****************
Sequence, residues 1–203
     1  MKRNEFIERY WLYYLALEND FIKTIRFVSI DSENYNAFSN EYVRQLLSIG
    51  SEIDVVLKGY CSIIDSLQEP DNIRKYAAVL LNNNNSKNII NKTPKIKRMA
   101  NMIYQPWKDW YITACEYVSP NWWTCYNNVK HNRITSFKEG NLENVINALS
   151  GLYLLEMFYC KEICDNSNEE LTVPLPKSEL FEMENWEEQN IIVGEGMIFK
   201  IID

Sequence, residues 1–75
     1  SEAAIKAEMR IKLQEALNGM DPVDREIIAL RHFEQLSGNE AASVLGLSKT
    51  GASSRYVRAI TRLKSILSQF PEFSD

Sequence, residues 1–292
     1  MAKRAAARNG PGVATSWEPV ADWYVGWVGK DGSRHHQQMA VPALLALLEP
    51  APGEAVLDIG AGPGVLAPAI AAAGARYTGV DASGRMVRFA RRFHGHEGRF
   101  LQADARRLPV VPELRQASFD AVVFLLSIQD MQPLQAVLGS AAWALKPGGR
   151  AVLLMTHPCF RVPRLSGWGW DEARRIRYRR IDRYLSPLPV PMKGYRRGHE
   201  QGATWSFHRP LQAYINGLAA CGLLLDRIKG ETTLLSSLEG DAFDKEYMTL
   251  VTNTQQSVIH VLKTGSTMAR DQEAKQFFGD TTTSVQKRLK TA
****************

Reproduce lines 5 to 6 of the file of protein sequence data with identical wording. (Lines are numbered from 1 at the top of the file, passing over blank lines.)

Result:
   151  GLYLLEMFYC KEICDNSNEE LTVPLPKSEL FEMENWEEQN IIVGEGMIFK
   201  IID